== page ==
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    Mar 2010
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    Default Delhi Belly to have its world premiere at London Indian Film Festival

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    Well, the 'baap' of all exclusive is here. I mean, the 'bad-boy' 'naughty' movie of the year Delhi Belly will be having its world premiere at this year's London Indian Film Festival (LIFF) at Cineworld, Haymarket on 30 June. Delhi Belly will open the LIFF this year.

    With a nod to Brit-gangster flicks such as Snatch, it tells the story of a group of hapless mates who end up being hunted by the local mafia after one of them accidently mixes up a smuggler's package with his stool sample (He ate some dodgy Tandoori chicken). The film reaches its climax in true heist style with a riot of mix-ups and high-speed chases, while unsuspecting English tourists duck for cover. Delhi Belly will have its worldwide release the next day, July 1.

    Other highlights of the festival include a special screening of Colours Of Passion at the V&A, homage to the revolutionary painter Raja Ravi Varma whose paintings in the 1890s influenced modern Indian art and cinema. The film by Ketan Mehta pushes the envelope of eroticism as the painter seduces his gorgeous muse, leading to Bombay's scandal of the century, it a great complement to the V&A's Cult of Beauty season.

    Anurag Kashyap is at the BFI Southbank with his shocking new film That Girl In Yellow Boots which tells the story of a young girl of UK/Indian mixed parentage who goes in search of her Indian father in Mumbai but discovers a terrible secret in the squalid underbelly of the city of dreams.

    One of Kolkata's top directors Rituparno Ghosh changes sides of the camera to act in two new sophisticated films that reinforce Kolkata's reputation as a major challenger to Bollywood. Memories In March connects us with the life of Aarti (played by Deepti Naval), a middle aged woman who goes to Kolkata to pick up her deceased son's belongings, only to learn about his world and find that she didn't really know him at all. Ghosh will also introduce Just Another Love Story, an awe-inspiringly brave tale about two generations of transsexuals in Bengal and the life and loves of a famous, female impersonator Chapal Bhaduri, as told through the eyes of a gay Delhi director.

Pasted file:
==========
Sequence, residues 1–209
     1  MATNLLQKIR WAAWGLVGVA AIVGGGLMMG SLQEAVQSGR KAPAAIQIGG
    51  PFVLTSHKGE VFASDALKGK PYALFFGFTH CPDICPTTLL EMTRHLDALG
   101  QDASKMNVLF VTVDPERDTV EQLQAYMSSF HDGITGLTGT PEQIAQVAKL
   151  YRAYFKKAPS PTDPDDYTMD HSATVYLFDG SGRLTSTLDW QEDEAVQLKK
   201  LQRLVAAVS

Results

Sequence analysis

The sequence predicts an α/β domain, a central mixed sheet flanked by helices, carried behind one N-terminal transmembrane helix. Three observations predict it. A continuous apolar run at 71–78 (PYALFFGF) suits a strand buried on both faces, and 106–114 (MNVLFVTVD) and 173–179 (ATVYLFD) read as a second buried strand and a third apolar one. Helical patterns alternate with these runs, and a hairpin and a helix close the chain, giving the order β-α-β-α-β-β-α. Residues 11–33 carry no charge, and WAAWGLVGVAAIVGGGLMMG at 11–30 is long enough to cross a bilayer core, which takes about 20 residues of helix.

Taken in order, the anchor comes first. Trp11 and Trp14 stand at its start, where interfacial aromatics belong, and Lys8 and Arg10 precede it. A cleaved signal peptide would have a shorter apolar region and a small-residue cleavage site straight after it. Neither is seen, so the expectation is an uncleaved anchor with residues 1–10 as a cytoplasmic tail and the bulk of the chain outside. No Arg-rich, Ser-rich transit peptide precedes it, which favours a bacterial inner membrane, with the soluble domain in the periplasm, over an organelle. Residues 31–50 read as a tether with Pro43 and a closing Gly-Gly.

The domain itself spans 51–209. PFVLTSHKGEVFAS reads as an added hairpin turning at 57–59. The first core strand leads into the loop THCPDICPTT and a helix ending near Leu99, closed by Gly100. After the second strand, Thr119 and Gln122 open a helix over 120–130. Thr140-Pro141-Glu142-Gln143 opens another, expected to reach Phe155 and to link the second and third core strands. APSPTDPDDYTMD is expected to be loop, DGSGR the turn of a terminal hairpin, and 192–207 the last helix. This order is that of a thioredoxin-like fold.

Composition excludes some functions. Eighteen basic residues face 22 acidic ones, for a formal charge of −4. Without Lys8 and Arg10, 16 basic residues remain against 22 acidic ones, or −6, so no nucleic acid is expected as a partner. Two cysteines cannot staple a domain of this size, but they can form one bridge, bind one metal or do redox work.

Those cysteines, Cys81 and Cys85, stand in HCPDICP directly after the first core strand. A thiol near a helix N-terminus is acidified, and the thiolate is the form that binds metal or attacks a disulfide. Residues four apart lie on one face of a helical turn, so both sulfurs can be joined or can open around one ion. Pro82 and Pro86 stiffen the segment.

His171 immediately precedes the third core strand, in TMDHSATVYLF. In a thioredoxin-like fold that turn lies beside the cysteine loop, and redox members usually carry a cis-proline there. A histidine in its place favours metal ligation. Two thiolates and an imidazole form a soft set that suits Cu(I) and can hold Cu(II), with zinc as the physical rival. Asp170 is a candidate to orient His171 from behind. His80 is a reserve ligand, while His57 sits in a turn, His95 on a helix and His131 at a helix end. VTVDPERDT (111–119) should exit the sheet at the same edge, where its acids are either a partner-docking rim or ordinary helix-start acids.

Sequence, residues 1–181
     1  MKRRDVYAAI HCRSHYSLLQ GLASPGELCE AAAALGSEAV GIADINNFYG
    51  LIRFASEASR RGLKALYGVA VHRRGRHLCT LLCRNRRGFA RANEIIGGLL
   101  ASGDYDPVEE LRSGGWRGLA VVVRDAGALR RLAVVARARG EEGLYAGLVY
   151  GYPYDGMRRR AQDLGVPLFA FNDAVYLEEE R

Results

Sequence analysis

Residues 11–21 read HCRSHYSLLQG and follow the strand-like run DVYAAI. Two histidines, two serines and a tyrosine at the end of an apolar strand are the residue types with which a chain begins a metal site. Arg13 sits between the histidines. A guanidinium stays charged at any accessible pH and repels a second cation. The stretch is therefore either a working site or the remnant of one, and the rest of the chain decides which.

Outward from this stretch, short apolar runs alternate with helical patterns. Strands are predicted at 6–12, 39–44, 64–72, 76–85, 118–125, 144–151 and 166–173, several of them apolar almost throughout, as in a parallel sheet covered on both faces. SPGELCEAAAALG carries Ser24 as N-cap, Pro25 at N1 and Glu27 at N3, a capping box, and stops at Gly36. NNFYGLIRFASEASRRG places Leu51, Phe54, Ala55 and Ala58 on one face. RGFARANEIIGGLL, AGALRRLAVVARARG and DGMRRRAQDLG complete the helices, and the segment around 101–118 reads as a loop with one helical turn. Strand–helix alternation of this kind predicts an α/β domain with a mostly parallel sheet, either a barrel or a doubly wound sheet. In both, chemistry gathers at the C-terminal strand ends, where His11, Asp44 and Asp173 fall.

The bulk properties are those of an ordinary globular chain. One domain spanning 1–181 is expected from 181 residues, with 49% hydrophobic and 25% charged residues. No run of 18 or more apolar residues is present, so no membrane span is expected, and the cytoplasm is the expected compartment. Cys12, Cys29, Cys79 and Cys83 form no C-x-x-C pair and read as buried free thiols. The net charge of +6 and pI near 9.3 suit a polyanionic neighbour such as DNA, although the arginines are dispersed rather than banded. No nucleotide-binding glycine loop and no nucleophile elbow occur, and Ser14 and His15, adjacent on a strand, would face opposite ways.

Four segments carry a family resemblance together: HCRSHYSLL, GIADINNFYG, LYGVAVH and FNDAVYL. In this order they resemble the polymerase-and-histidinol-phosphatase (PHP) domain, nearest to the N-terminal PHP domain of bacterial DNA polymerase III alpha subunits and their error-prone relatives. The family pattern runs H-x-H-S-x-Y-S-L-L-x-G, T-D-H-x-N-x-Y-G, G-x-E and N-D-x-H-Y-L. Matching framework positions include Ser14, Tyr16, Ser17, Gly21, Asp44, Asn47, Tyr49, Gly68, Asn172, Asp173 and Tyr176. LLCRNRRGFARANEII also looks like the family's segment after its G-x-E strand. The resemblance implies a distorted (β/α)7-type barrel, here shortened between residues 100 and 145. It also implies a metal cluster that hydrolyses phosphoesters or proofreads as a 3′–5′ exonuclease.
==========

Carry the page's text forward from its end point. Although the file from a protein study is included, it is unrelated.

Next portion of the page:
A definite family favourite will be the warm-hearted White Elephant, about a ceremonial elephant who is worshipped by a village in Kerala. Each year the elephant chooses which villager will look after him. But elephants are high maintenance! Much to everyone's surprise the wily giant taps the local drunk on the shoulder with his trunk. The drunkard and his family are beside themselves but the elephant god must be obeyed.

    Winner of National Award The Way Home sensitively explores fears of terrorism and nationhood in the modern state of India. A young doctor (played by Kerala star Prithviraj) accedes to a dying woman's request that he will agree to re-unite her son with his father. He agrees not realising that the father is in fact the leader of an Indian Jihadi terrorist group.

    The Closing Night Film is the UK Premiere hit movie Autograph, where a young filmmaker gets his big break, not only to remake the classic film Nayak by master filmmaker Satyajit Ray, but to also to direct the city's greatest superstar. As the production proceeds new found power and the promise of fame go to his head, while he has to compromise all, including his girlfriend, to follow his dream.

    The Festival covers a wide range of themes and issues from family dramas, coming-of age tales to twisted, urban teen-romance. Uniting these films is a new more assured Indian cool, experimenting with cinematic styles, sexual liberality, new technology and influenced by themes both East and West, which has helped new Indian cinema win favour with the young in-crowd in super cities like Mumbai, as well as with connoisseurs of world cinema across the globe.

    Cary Rajinder Sawhney, Festival Director comments, "In addition to showing great movies, we also aim to help get these films talked about and screened more broadly in cinemas in the UK, in the same way that Iranian cinema has been. London of course has a huge Asian audience for these movies, but many non-Asian Brits would also like to find out more about the 1.2 billion strong India of today, and cinema is a great way to do this."



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